Paul Kelly – Life Is Fine
Life Is Fine is a normal Paul Kelly album. His words, not mine. It’s not a song-cycle, a collection of Shakespearean verses put to music, a record of funeral songs, a collection of poems, or a craftily assembled soul supergroup. This is Paul Kelly, writing and singing songs that sound like the Paul Kelly you fell for at some point over the past 40 years.
Astounding as those recent diversions have been – and they really have – it’s time. We’re ready for a record that doesn’t need an explanation, a record that gives us Paul Kelly as the keen observer of modern life, love and what makes us feel the way we do.
And we couldn’t ask for more than is offered on Life Is Fine.
The moody, evocative ‘Rising Moon’ is a brilliant start. We join Kelly and his new lover on a romantic stroll to the quarry to watch the moon.
We join him to watch that moon again – maybe months, maybe years later – after they have left him all alone. We feel his poor heart jump out of his chest and ours does the same.
It’s new love, broken hearts and a deep connection with the natural world all rolled into one short vignette. Kelly hits these emotional pressure points better than any songwriter in this country and he’s in fine form on Life Is Fine.
Light and breezy, feel-good love songs like ‘Finally Something Good’, ‘Josephina’ and ‘Firewood and Candles’ are grin-inducing reminders that love is actually grand. ‘Petrichor’ is a considered celebration of the natural world and the beauty of a love that is somewhat detached, but still burning.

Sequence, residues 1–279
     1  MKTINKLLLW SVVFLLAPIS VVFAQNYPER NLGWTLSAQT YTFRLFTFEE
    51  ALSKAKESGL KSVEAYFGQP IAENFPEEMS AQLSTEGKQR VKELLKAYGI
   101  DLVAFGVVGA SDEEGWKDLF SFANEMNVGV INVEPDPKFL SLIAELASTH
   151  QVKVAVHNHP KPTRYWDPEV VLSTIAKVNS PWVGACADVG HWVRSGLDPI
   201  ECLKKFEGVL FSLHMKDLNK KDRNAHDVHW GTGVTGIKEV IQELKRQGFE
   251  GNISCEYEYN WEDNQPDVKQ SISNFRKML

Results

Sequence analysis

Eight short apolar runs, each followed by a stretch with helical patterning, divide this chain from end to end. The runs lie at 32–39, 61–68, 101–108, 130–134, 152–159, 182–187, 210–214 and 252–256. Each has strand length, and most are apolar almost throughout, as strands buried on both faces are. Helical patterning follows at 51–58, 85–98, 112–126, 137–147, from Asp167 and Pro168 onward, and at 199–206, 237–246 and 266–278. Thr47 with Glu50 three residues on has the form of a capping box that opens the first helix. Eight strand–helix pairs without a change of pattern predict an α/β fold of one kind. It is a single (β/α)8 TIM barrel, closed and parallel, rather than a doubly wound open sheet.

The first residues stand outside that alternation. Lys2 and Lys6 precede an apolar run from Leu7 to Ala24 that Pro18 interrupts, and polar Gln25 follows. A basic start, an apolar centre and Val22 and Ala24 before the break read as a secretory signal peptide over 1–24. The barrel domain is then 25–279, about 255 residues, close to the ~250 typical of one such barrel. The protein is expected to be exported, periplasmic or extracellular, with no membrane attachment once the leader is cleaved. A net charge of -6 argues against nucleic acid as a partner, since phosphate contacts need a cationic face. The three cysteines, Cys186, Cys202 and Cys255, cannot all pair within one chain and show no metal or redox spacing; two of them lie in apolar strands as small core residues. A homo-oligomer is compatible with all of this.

But, don’t despair, there’s the odd dash of cynicism here too.
The title track, which takes its lyrics from a Langston Hughes poem, is ultimately a celebration of life, but not before the protagonist has hit rock bottom. ‘I Smell Trouble’ is a powerful illustration of an internal battle between good and evil, while ‘Don’t Explain’ (featuring an excellent Linda Bull vocal) is a stunningly apathetic break-up song.
That song is just one example of how Kelly’s collaborators take his brilliant songs and lift them even further on Life Is Fine.
‘My Man’s Got A Cold’ is a primal piano blues stomper that has the band taking cues from later-era Tom Waits, while Vika Bull puts in a typically dominant performance as she outlines an affliction so many will relate to.
‘Rock Out On The Sea’ gallops at pace courtesy of an African-inspired groove, but manages to retain atmospheric qualities. And, all through the record, killer guitar riffs, energised rhythms and brilliant supporting backing vocals just make these songs pop.
There are tons of reason why Life Is Fine is a great record. But there are no more compelling than the fact that it’s Paul Kelly at his most astute, his most heartfelt and his most relatable. These songs will worm their way into your mind and sit proudly alongside his catalogue of classics for decades to come.